The picturesque village of Medmenham nestles in the lee of Wooded Hill to the north and is principally a street of brick and flint cottages which straggles from the now discontinued ferry on the river Thames to its junction with the main Henley-Marlow road half a mile away.
The cottages and houses were built for the servants of the nearby large houses and estates such as Medmenham Abbey, Danesfield, Wittington, Kingswood and Harleyford Manor. In the past fifty years many of these large houses have taken on new roles. Some have been sub-divided into smaller houses or apartments, while others have become offices. In the village the cottages have been modernised, sometimes two combined to make larger properties and few modern houses erected. Fortunately no new estates have marred the beauty of the area.

The employment pattern has changed too and most of the residents now work far from their homes. The village itself has escaped serious industrial development, only the Water Research Centre has intruded upon the scene and it is screened from the river and village by trees.

At the junction of Ferry Lane and the main road is the ancient parish church of St Peter and St Paul, the road here is very narrow* and opposite is the cosy 14th century inn, the Dog and Badger.

Danesfield House, an imposing residence built in 1900 on a cliff overlooking the river Thames, was occupied by the Royal Air Force until 1977, when a Ministry of Defence Police Training Unit took over the buildings in the grounds and Carnation Milk bought the house. The original Danesfield House was built in 1750 on a site previously occupied by Medlicotts, during the Middle Ages. A tradition had grown up locally associating the prehistoric earthworks in the grounds with the Danes who were known to have penetrated the Thames valley as far as Reading, some 15 miles further up-stream. In 1896 the Medmenham Abbey Estate was acquired by Mr Robert Hudson, reputed to have made his fortune with 'Hudson's soap'.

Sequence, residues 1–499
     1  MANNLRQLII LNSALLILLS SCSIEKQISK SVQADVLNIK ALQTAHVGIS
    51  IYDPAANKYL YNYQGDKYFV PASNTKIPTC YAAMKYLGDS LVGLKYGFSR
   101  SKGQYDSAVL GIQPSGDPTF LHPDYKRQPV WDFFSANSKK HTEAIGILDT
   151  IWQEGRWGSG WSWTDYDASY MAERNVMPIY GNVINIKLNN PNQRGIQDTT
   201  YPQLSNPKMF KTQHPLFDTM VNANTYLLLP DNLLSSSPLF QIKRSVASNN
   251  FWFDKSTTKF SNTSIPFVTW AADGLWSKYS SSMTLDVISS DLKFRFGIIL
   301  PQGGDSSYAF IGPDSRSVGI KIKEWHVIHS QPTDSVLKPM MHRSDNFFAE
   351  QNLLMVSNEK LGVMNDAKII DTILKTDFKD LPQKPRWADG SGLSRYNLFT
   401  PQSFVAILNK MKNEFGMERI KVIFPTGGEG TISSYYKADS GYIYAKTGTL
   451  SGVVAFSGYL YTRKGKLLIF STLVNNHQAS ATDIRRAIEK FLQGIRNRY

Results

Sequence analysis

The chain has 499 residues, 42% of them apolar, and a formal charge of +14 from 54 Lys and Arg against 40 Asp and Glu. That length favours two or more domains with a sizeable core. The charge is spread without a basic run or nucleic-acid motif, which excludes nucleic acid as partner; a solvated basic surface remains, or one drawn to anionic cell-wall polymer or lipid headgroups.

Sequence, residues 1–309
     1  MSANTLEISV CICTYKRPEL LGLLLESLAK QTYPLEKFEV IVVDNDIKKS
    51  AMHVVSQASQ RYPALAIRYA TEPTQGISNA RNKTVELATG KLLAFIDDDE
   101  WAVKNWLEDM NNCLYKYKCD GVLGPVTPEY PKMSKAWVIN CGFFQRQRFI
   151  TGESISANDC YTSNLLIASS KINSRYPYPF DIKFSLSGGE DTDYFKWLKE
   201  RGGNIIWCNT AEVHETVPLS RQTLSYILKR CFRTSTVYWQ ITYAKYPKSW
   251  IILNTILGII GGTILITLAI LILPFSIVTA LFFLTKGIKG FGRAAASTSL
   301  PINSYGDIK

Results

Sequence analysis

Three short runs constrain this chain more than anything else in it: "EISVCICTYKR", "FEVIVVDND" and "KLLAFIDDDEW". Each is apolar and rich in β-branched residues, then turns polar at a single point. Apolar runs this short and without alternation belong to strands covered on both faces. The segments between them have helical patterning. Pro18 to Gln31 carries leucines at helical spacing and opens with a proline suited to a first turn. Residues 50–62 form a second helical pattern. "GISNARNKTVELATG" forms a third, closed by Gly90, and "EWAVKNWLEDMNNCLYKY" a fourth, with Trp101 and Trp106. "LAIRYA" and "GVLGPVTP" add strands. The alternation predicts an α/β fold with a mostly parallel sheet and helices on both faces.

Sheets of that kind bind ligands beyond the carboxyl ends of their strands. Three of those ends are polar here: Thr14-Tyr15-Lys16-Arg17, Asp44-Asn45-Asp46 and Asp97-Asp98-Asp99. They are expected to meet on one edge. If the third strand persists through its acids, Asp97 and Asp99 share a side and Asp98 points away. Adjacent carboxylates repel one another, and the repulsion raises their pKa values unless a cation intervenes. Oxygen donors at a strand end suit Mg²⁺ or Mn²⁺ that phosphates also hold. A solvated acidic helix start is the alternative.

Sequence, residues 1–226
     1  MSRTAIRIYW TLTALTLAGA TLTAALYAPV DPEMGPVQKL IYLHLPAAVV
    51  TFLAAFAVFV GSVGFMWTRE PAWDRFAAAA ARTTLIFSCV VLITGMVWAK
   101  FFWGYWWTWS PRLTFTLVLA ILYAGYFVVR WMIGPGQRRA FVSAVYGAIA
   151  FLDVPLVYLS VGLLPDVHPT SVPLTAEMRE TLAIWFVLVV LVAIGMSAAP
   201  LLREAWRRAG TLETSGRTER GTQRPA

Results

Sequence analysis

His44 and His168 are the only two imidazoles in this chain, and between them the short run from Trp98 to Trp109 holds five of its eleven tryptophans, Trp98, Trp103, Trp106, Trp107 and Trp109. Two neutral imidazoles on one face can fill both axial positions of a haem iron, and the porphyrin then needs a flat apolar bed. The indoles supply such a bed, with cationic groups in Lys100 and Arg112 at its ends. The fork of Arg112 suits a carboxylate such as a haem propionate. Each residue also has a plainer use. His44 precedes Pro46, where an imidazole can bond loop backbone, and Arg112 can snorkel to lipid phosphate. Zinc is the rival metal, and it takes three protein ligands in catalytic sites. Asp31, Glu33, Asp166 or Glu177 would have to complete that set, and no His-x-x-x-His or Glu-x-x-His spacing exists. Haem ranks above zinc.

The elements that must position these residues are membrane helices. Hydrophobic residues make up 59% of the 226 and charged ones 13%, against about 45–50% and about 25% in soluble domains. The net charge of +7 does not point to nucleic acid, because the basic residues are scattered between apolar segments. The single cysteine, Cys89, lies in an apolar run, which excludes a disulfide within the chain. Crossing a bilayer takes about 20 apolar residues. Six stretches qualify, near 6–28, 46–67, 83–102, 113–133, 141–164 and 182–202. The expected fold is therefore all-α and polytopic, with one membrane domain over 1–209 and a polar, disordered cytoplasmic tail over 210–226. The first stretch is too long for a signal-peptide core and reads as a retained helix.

At the foot of Ferry Lane stands Medmenham Abbey, founded as St Mary's Abbey by the Cistercian Order in the 13th century. It later became derelict. However, in the 18th century Sir Francis Dashwood restored the Abbey and it is said to have been used by his 'Hell Fire Club' for orgiastic rites. It is now a fine residence overlooking a pretty reach of the river.

Article written by members of the Buckinghamshire Federation of Women's Institutes for the publication "The Buckinghamshire Village Book" (1987) and reproduced here with their permission

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